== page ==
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French Race Draws Dog, Stripper

PARIS -- A striptease artist, a pro-cannabis postman and a tiny dog called Sausage are vying for the Elysee Palace this year and livening up what for many French voters has been a dull presidential campaign.

Some 50 candidates, ranging from the wacky to the deadly earnest, hope to make their mark in the first round of voting to pick France's president on April 21.

Barring a surprise of seismic proportions, none of the outsiders will make it to the two-candidate runoff on May 5. But analysts say the fact that more have come forward than at any other French election reflects a deep-seated disillusionment among French voters.

"Voters are unhappy with the main candidates," said Jean-Luc Parodi, head of research at the Center of Studies of French Political Life in Paris.

Socialist Prime Minister Lionel Jospin hopes to oust his rival, conservative incumbent President Jacques Chirac, in the May 5 runoff vote. But Parodi said both had managed to turn off voters during their awkward five-year power-sharing arrangement.

"Since both main candidates are in power, those fed up with the system are looking elsewhere," he said.

Some will look no further than striptease artist Cindy Lee and her Party of Pleasure's ticket of "a sexier France."

"I don't know why I should be considered any less credible than the other candidates just because I take my clothes off," the curvy blond told the daily newspaper France Soir.

Lee, 29, hopes to massage the mood of the nation with a free emergency "love doctor" service to comfort the lonely, seduction lessons for schoolchildren and "the right to pleasure for all."

She is unlikely even to secure the 500 signatures of elected politicians needed to qualify for the first round. Skeptics say she is only in it to boost her career.

A tiny dog named "Saucisse," French for sausage, might also fall at the first hurdle, having survived an earlier career as bait in pitbull fights.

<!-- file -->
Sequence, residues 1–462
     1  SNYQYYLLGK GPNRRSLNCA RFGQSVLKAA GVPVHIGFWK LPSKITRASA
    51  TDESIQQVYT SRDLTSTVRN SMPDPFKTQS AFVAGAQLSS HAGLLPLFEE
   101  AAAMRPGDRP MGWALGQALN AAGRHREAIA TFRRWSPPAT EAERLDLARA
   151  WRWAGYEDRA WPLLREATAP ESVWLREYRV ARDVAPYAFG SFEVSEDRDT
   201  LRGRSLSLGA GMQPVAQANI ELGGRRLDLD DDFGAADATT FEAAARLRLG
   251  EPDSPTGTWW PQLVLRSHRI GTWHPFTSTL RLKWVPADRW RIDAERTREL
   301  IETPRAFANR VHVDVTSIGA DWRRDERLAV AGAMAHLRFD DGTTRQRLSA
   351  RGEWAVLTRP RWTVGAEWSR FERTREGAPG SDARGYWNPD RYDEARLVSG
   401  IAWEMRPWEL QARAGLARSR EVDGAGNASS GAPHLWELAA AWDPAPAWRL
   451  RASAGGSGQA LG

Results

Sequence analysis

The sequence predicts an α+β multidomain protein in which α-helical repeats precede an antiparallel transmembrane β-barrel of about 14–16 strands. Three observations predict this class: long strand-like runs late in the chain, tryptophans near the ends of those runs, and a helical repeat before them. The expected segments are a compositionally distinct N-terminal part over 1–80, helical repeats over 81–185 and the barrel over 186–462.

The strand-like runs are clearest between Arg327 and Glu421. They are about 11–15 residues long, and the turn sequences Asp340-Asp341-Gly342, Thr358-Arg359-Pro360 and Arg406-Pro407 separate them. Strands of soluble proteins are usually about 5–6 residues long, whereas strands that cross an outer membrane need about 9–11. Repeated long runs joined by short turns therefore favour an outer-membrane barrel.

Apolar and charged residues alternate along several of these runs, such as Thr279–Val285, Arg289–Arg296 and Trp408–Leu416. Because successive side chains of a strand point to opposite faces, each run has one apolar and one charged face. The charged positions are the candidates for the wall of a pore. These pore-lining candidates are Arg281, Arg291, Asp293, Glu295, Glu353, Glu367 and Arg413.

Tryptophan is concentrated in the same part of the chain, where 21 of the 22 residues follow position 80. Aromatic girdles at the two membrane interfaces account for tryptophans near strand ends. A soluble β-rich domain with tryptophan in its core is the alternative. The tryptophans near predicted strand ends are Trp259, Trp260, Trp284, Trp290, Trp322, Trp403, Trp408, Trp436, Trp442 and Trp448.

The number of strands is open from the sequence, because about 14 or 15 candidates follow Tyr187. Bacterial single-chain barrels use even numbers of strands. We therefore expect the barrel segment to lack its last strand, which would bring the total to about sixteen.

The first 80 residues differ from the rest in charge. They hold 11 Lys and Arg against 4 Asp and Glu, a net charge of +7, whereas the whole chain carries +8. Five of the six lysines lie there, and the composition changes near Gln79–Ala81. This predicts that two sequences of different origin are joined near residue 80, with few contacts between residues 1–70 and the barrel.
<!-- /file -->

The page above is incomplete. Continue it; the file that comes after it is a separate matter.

Saucisse, who grabbed 4 percent of the vote at municipal elections in Marseille last year, proves voters are sick of a political system dogged by bickering, owner Serge Scotto said.

"Sausage is sending a warning to politicians that unless they do better we would rather vote for a dog," he said.

Parodi was more skeptical.

"None of these prankster candidates will get anywhere near the final round. They just enjoy a certain amount of kudos before sliding back into political anonymity," he said.

With Chirac and Jospin running similar campaigns based around cutting taxes and fighting crime, smaller candidates at both ends of the political spectrum are left rich pickings.

Olivier Besancenot, a 27-year-old postman who delivers letters to the residents of one of Paris's poshest suburbs, advocates a four-day working week and legalization of cannabis.

He is one of three Trotskyites running for election, including one -- the revolutionary left-winger Arlette Laguiller -- who is scoring up to 10 percent in opinion polls.

On the far-right, veteran populist Jean-Marie Le Pen is one of two anti-immigration candidates, while no fewer than four ecologists will be sparring for the green vote.

All of these feel they have serious points to make, and some have large parties behind them. But even wacky outsiders like Lee and Saucisse reckon they have everything to play for.

"People have had enough of Chirac and Jospin," Saucisse's master Scotto said. "They are turning instead to the bizarre and the ridiculous."

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